2.1.1 Keyboard: Is all content and functionality operable through a keyboard?

The intent of this Success Criterion is to ensure that, wherever possible, content can be operated through a keyboard or keyboard interface (so an alternate keyboard can be used). When content can be operated through a keyboard or alternate keyboard, it is operable by people with no vision (who cannot use devices such as mice that require eye-hand coordination) as well as by people who must use alternate keyboards or input devices that act as keyboard emulators. Keyboard emulators include speech input software, sip-and-puff software, on-screen keyboards, scanning software and a variety of assistive technologies and alternate keyboards. Individuals with low vision also may have trouble tracking a pointer and find the use of software much easier (or only possible) if they can control it from the keyboard.

2.1.2 No Keyboard Trap: Is it possible to move keyboard focus away from all components that can receive it?

The intent of this Success Criterion is to ensure that that content does not "trap" keyboard focus within subsections of content on a Web page. This is a common problem when multiple formats are combined within a page and rendered using plug-ins or embedded applications.

There may be times when the functionality of the Web page restricts the focus to a subsection of the content, as long as the user knows how to leave that state and "untrap" the focus.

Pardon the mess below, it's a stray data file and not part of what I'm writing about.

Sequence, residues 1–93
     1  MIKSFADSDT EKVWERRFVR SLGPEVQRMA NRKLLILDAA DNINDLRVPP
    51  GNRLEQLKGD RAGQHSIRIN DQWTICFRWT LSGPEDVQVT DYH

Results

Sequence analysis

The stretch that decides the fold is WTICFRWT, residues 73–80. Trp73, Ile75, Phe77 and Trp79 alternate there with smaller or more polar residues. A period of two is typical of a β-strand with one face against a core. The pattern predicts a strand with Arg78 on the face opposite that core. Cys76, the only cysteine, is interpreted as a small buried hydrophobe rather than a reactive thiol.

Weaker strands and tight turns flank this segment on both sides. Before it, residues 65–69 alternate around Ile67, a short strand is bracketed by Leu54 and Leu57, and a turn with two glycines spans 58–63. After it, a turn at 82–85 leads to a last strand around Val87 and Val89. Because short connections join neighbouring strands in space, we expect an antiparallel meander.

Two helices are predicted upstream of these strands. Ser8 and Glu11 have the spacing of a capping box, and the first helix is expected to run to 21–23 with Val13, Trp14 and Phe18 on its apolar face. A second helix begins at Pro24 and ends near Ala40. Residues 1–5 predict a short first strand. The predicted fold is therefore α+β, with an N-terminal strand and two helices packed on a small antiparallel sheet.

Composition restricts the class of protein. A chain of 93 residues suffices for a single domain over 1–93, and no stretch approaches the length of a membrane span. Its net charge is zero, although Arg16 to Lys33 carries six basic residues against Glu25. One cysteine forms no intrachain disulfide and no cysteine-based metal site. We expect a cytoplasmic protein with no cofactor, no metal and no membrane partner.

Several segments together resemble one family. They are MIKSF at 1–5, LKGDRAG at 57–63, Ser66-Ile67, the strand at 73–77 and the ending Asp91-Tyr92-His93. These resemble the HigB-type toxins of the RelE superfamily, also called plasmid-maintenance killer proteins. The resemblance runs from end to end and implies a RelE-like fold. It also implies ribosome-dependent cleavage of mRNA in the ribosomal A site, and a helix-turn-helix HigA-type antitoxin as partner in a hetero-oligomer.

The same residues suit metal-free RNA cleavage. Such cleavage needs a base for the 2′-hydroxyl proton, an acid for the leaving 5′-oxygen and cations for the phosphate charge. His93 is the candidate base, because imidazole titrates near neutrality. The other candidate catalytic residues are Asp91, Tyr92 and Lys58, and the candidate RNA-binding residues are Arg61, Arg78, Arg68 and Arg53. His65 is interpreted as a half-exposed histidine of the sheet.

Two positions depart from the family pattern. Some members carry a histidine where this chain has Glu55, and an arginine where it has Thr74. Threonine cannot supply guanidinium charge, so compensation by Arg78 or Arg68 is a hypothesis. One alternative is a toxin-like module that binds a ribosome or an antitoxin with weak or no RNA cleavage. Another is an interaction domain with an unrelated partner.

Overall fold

2.5.2 Pointer Cancellation: Are events triggered by clicks and taps using the 'up' event?

The intent of this success criterion is to make it easier for users to prevent accidental or erroneous pointer input. People with various disabilities can inadvertently initiate touch or mouse events with unwanted results. Each of the following subsections roughly aligns with the bullets of this Success Criterion, and outlines a means of allowing users to cancel pointer operations.

Ensuring that drag-and-drop actions can be cancelled.

The Technique is applicable to any technology that supports pointer input (e.g. supporting any or all of the following: mouse pointer, touch on touch screen or trackpad, stylus input, or laser pointer input).

The objective of this technique is to ensure that users who use a path-based drag-and-drop action to move an item from the initial location to a drop target can abort the action after picking up the target. This can be done either by releasing the item outside a drop area, or by moving the item back to its original position in a separate action that undoes the first action. A third option is to have a step after the element is dropped onto target, either with a dialog asking for confirmation of the action when the item is dropped, or providing an undo command.

4.1.1 Parsing: Do all pages validate to W3C specifications?

In content implemented using markup languages, elements have complete start and end tags, elements are nested according to their specifications, elements do not contain duplicate attributes, and any IDs are unique, except where the specifications allow these features.

Ensuring that Web pages have complete start and end tags and are nested according to specification helps ensure that assistive technologies can parse the content accurately and without crashing.

Let us know what you think

If you enjoyed using the onsemi website, or if you had trouble with any part of it, please get in touch. We'd like to hear from you in the following way:

This accessibility statement was generated on 2nd July 2021 using the Accessibility Statement Generator, built by Nomensa.